Firefighters on the scene after the fatal Dahlia crash in Flushing last month (via FDNY)
Senator Chuck Schumer wants private bus companies to post letter grades on their windshields as part of a system comparable to restaurant grades. Highly visible A, B, and C ratings would motivate bus companies to keep up safe practices and ideally prevent deadly crashes like the one involving a private bus operator in Flushing, Queens last month that killed three, including the driver, and injured 16, he says.
Letter grades would enforce and strengthen a 2012 law, which Schumer signed on to, that requires “satisfactory,” “conditional” or “unsatisfactory” ratings for private bus companies to be posted online by the Federal Motor Carrier Safety Administration. According to Schumer’s office, private bus companies are also already required to post safety performance ratings on buses and at terminals, but haven’t yet.
“While there are safety grades when someone gets on a bus, they have no idea what they are,” Schumer told reporters at a Sunday press conference on 59th Street and Second Avenue, according to the NY Times. “They are required to be posted on the websites, but they are posted in such a small, hidden way no one sees them.”
The FMCSA did not immediately respond to a request for comment. The NYC Department of Transportation also didn’t immediately say whether it would support the rule.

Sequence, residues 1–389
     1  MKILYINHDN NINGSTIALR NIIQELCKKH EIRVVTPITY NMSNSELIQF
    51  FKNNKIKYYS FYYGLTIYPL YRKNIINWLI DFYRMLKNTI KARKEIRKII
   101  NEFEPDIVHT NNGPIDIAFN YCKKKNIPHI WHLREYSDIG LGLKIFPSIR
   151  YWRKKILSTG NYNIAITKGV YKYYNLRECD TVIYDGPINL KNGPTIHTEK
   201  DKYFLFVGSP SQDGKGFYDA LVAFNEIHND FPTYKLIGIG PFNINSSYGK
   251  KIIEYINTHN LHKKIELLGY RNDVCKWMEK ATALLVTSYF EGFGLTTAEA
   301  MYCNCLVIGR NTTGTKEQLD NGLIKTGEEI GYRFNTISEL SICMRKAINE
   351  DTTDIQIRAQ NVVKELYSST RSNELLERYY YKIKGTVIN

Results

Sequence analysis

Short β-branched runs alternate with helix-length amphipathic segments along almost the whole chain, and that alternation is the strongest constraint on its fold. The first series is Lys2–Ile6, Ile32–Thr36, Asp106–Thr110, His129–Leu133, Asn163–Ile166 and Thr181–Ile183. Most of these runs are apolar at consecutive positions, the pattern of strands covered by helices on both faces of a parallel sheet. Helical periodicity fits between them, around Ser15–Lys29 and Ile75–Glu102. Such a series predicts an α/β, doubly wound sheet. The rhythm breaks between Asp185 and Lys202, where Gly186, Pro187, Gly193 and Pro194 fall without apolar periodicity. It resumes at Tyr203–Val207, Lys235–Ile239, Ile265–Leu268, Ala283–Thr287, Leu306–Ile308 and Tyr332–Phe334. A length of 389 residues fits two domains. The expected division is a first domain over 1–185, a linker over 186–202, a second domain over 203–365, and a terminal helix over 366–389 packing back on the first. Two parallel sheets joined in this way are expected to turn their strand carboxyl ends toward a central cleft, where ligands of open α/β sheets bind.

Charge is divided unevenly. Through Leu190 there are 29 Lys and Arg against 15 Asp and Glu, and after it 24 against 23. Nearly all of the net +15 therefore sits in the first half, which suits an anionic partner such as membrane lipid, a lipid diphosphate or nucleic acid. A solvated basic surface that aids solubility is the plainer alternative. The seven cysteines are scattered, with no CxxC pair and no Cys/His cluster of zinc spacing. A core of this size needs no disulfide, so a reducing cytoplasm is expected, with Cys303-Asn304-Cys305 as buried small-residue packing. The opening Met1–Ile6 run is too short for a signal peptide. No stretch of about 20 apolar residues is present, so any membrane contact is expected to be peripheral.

Raymond Mong, 49, was driving an empty bus for the Dahlia tour company on Northern Boulevard in Flushing shortly after 6 a.m. on September 18th when he crashed into an MTA bus turning right from Main Street onto Northern Boulevard. The tour bus then careened into the corner of 136-04 Northern Boulevard. Security camera footage shows that Mong was driving the tour bus fast enough to cause the MTA bus to spin around nearly 180 degrees.
Mong was employed as an MTA bus driver before taking a job at Dahlia, but was fired from that post after being convicted of driving under the influence in Connecticut. Dahlia also has several crashes on record. One of the company’s buses rolled off of Interstate-95 last year, DNAInfo reports, and two people were killed when another bus flipped over on the Garden State Parkway in 2003.
With a letter grading system, Schumer predicted, “The companies that spend money to ensure a culture of safety will rise to the top, and the bad actors who disregard the value of safety and human life will fail to survive unless they improve.”
Dahlia, the NY Times points out, still holds a “satisfactory” rating on the FMCSA website.
A report last week from the Independent Democratic Conference, a group of breakaway Democrats in the State Senate, found that 121 out of 249 private bus companies operating in New York have federal violations on their records. Dahlia is not the state’s worst offender, they found.